To keep homeowners’ trust and fulfill their responsibilities to the HOA, board members need to know how to avoid fraud and embezzlement against the HOA, which can result in faulty elections and stolen funds.
While an HOA can take legal action against a person who has stolen funds or property from the HOA, legal action can be expensive, and it may take a long time for the HOA’s funds to be returned. That’s why we’re going to cover some tips for preventing fraud and embezzlement in HOAs, so you can stop the HOA from losing funds in the first place.
Know how to read the HOA’s financial documents
A big part of volunteering or working for an HOA is knowing how to analyze financial documents. Without knowing how the various documents should add up (such as the income statement, balance sheet, cash disbursement journal, and general ledger report), you will not be able to distinguish whether anything is amiss.
Keep detailed, accurate financial documents
Without accurate, detailed financial documents, the HOA won’t know how much income it has, how much money it is and should be saving, and what percentage of its income is being used for operating expenses and maintenance. And, if an HOA does not know how much money it should have, how would it discover whether some of its income is being stolen?
Keeping accurate records and monitoring each transaction to or from the HOA’s accounts is an important first step in avoiding fraud and embezzlement. Poor budgeting creates ample opportunities for board members (or anyone else with access to the association’s accounts) to take money without being caught. So, it is recommended to renew the HOA’s budget every year and review the HOA’s finances every month.
Establish controls for those handling the HOA’s finances
When one person is in charge of all the financial tasks for an association with no oversight – drafting the annual budget, accepting invoices, paying invoices and bills, balancing the accounts, and reconciling balance sheets with bank accounts, etc. – it makes it much easier for that person to commit fraud or embezzlement without being detected. They can alter or make up for any discrepancies in the books to hide any fake invoices or personal withdrawals from the HOA’s accounts.
However, by splitting up the tasks among several people, or by assigning a second person to review these documents frequently, these types of things are much easier to find, and the opportunity to commit such theft is greatly narrowed.
Share financial information on a need-to-know basis
Limit the number of people who have access to the HOA’s bank accounts—this means account numbers, debit cards, credit cards, and any other method of accessing the association’s funds, such as through an HOA’s computer. The fewer people who have the temptation of stealing the HOA’s money, the less likely it is to occur. Or, at least, the easier it will be to pinpoint the culprit.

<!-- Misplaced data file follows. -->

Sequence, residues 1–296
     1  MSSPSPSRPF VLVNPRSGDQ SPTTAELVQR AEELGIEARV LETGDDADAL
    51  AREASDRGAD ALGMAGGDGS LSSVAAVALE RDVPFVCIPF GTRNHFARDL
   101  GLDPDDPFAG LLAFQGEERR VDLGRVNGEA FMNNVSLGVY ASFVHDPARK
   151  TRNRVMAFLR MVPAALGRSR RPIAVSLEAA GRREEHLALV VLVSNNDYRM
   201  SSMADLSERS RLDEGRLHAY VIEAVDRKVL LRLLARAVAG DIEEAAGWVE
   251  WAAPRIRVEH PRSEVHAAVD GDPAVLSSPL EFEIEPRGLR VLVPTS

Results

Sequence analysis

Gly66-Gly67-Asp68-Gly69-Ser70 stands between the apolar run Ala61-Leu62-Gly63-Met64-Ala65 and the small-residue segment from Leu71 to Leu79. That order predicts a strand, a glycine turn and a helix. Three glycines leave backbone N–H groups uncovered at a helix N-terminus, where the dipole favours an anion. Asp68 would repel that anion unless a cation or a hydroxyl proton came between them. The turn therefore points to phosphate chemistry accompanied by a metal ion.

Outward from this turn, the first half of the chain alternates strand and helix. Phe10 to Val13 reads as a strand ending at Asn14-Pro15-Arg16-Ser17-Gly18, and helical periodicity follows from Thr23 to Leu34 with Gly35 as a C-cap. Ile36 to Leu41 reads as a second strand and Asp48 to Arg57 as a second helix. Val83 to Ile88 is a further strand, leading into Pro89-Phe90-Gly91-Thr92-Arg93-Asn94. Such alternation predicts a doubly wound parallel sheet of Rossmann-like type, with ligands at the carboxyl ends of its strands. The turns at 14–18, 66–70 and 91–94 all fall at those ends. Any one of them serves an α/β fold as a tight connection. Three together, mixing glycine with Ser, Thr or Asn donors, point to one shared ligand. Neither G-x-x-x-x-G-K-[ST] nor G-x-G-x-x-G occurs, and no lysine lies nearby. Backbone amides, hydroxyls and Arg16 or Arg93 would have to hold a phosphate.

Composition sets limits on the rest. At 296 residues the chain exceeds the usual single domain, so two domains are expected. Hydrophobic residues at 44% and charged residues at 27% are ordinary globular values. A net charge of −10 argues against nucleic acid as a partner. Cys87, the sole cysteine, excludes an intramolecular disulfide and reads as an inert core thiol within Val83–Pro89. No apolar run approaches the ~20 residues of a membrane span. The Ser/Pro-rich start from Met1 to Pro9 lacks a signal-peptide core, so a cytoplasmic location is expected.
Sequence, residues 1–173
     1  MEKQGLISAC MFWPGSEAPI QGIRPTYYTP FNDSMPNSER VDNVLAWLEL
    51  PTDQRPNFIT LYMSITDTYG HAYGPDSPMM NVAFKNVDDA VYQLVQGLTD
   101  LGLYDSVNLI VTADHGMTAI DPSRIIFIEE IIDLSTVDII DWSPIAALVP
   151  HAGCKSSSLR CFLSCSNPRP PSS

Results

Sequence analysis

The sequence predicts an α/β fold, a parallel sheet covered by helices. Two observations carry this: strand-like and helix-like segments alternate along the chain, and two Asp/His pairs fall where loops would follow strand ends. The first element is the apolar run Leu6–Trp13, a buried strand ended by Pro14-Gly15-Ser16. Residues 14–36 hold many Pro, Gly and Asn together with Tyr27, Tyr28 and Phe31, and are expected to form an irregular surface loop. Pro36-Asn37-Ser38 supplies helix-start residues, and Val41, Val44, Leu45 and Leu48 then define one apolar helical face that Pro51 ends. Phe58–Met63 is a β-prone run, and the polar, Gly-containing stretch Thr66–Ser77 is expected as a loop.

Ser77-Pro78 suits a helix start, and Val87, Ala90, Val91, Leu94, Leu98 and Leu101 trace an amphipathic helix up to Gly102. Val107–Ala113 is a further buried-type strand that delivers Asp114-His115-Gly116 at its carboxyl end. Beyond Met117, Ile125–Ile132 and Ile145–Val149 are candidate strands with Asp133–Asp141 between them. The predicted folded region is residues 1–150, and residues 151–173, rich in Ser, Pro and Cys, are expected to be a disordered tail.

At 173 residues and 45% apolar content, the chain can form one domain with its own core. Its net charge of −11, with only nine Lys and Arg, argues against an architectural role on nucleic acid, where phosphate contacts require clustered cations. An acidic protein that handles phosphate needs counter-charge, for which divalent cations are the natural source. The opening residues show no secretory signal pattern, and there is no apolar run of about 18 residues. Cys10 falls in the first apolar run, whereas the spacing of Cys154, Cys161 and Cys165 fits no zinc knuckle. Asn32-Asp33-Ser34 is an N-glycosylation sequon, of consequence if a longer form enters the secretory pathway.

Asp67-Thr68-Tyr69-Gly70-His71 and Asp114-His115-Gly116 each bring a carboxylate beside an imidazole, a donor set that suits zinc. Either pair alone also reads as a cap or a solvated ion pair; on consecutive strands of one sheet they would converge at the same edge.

Each HOA runs differently according to its particular needs, but if possible, consider using a reimbursement system instead of sharing the HOA’s debit card number. This way, instead of giving the social committee the HOA’s debit card each time they need to purchase event supplies, the board can use the purchase receipts to refund the committee member the appropriate amount. However, keep in mind that a reimbursement system is dependent on effectively keeping track of and recording various receipts and invoices.
Perform due diligence when hiring employees
When hiring an employee for the HOA, especially one that will handle HOA funds, it is in the HOA’s best interests to conduct background checks and drug tests on candidates. It is best to know that a candidate committed embezzlement at her last position before she is hired to be the HOA’s accountant.
Use only validated vendors, and keep track of which vendors have been hired by the HOA
By hiring only validated vendors, the HOA can reduce the risk that their vendors will commit fraud against the association. If a vendor has been validated, they have proven themselves to be a real business through the existence of tax information. Validated vendors are much less likely to commit scams or other fraudulent activities.
Additionally, the board should keep careful tabs on which vendors have been hired and approved to complete work for the HOA. This way, if a fake invoice is submitted to the HOA for payment, the board can spot it easily.
Plan and execute elections with care
A fair election will help ensure that no candidate can manipulate the vote in their favor, that results cannot be altered, and that the best possible candidates are elected onto the board. Following state law and widely accepted parliamentary procedures, such as Robert’s Rules of Order, can help the HOA use the best possible processes.
So, overall, a good defense against fraud and embezzlement consists of keeping detailed financial records and carefully controlling who has access to the HOA’s funds. Be transparent about how money is being used, but keep account information confidential.
Thank you for joining us, and we hope these tips will help your HOA protect against theft. For more helpful articles for HOA board members be sure to visit the Boardline Academy blog.